Welcome, visitors. This is a blog space for my work — academic published work, essays, and teaching. There may be gaps in posting as projects overtake me… but I hope you will forgive. Enjoy these offerings!
It is still surprising that when management ignores the people factor, they come out on the wrong side of public opinion. Sometimes they come out on the wrong side of the job altogether! It always pays to listen, to coach, and to be sympathetic while maintaining productivity and supporting the objectives. Why does it seem so easy to “go binary” — either you’re a feel-good manager whom everyone loves, or you’re a jerk who seems to get the job done, but actually is universally hated. How to be tough yet fair; friendly with boundaries; open but focused. Here’s to a strong blending of the two skill sets — efficient, focused management and a keen ear for the needs and talents of the employees.
I use a lot of discussion forums in my courses. My students are not always so pleased about that. Why? For starters, many have come from a multiple-choice assessment framework, and are programmed to respond to the “right answer.” Also, students may feel shy writing in front of their peers, in public as it were, especially if they know their writing is less than stellar. Third, it takes effort to craft a good forum post, to read what others say, and to respond in an intelligent way. It’s all about the elusive critical thinking component in the end, isn’t it?
I have tried to mix it up with using more of a blog post or Voicethread which require the student to make a single, independent comment, so they have no obligation to follow or absorb a threaded discussion. Somewhat useful, not the same thing. With the prevalence of social media like Facebook and Twitter — the continuity of the Discussion Forum, the need to think about a response and to actually BE responsive to another — feels like too much to ask. And yet, it seems as essential as a class discussion is to on-campus learning.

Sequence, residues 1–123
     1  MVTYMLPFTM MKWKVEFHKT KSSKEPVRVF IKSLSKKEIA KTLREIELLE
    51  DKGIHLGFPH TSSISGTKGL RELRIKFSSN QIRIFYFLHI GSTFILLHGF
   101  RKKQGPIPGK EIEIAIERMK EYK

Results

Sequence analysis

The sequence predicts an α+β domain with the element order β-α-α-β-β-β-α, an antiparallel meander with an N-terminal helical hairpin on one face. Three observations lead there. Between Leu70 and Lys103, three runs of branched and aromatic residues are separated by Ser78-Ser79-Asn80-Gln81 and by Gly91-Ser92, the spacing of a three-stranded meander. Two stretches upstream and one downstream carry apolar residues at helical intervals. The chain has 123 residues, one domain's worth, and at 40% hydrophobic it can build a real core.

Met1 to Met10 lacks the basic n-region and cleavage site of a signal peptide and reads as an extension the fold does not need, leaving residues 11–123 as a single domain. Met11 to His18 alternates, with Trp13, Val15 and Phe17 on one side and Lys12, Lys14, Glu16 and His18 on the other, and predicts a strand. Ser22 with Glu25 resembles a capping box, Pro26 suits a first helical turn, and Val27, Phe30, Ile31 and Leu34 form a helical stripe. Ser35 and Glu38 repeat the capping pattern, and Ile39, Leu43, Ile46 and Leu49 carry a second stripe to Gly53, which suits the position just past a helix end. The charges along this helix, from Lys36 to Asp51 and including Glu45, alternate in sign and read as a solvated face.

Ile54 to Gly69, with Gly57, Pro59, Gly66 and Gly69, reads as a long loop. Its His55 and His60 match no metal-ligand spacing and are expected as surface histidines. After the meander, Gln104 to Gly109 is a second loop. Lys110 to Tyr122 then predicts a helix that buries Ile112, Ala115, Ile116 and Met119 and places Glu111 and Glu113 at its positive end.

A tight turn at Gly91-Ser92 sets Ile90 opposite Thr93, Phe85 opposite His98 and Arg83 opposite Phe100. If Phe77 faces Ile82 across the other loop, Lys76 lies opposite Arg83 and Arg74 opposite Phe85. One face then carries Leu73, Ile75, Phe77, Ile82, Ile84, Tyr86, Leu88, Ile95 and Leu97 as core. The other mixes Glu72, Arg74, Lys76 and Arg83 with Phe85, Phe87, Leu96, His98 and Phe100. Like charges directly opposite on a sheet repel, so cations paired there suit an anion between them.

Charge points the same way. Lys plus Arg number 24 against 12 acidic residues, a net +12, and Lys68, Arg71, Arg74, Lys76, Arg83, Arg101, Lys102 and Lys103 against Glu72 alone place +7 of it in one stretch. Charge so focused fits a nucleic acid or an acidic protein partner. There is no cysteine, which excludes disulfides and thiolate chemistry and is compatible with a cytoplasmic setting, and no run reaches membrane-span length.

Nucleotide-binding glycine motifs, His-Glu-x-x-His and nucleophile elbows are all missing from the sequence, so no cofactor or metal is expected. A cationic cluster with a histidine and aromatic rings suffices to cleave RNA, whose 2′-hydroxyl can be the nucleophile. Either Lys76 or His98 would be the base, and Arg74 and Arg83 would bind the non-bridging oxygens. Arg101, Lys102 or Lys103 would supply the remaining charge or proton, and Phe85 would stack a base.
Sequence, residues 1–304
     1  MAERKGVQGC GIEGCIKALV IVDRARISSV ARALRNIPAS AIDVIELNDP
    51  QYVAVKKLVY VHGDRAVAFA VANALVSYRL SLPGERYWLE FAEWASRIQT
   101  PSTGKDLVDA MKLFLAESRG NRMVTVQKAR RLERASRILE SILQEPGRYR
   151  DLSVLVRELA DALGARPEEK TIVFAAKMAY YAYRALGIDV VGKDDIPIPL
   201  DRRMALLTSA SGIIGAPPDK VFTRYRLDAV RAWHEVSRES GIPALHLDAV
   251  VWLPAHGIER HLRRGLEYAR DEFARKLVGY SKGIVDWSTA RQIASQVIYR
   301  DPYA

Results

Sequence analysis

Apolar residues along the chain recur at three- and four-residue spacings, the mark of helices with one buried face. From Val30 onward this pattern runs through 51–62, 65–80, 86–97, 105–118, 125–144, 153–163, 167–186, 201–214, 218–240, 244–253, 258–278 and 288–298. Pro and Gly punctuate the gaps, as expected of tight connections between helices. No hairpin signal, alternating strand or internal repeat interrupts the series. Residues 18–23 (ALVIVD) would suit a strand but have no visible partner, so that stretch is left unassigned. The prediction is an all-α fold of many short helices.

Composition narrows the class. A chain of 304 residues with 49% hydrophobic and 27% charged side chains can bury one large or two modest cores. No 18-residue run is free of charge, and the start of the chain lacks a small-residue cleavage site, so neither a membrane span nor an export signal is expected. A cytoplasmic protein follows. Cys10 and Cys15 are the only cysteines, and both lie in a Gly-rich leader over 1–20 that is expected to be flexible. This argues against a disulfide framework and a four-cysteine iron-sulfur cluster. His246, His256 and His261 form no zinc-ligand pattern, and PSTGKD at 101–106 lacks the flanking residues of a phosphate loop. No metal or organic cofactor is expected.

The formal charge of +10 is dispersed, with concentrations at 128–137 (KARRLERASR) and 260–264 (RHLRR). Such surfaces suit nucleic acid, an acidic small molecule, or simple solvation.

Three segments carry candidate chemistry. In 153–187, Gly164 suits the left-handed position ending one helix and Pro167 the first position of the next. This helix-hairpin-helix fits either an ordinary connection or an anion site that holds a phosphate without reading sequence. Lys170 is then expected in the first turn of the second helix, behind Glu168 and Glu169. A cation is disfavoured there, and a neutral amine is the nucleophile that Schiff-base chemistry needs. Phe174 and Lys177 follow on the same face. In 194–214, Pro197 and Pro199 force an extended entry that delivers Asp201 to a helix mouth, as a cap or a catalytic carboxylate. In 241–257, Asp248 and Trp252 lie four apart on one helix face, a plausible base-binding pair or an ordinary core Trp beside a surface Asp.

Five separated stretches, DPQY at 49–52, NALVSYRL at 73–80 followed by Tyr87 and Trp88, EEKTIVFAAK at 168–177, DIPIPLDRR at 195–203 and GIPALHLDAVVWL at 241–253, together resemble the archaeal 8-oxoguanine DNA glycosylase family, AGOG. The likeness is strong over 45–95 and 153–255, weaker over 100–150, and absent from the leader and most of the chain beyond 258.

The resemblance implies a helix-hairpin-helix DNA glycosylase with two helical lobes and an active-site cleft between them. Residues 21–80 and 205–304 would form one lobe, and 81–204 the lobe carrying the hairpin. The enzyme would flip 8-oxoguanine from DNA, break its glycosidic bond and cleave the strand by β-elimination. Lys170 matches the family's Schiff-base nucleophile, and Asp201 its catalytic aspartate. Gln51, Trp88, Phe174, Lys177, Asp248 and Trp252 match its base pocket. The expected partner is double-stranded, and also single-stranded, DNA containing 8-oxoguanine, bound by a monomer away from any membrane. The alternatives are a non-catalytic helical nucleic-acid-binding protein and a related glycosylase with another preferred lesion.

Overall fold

Perhaps there will be other tools and methods that will replace the Forum, heaven knows it is not perfect. But “the job” as I see it is to gently but firmly lead students beyond opinion and recitation of facts to discovery and possibly a change in outlook. When that happens, when I can see that process in the course of a Forum, and when students take the topic and expand, digest, and/or outright reject the premise, I feel that learning is happening.
I teach “Digital Culture,” a 100-level Humanities course about the Internet. After two semesters, I am revising the required readings, again! Very excited about them, though. In addition to the Pew Trust-inspired “Networked,” I am including:
The People’s Platform: Taking Back Power and Culture in the Digital Age by Astra Taylor
The Innovators: How a Group of Hackers, Geniuses, and Geeks Created the Digital Revolution by Walter Isaacson
I think students will enjoy contrasting the monetizing versus democratizing view of the Internet presented in these books.
We will be rolling out some workshops on the Moodlerooms module called “Personal Learning Designer” this summer. This module allows the instructor to send targeted “robo-messages” to student emails (also can appear as a pop-up when the student logs into the LMS) for defined rules. For example:
- Notice about logging in infrequently
- Notice about missing assignments
- Notice about low score on test
- Notice about 4th week grade
Early alerts systems, as part of an overall learning analytics strategy, are still very new and research is still coming forth. Excited about the roll-out!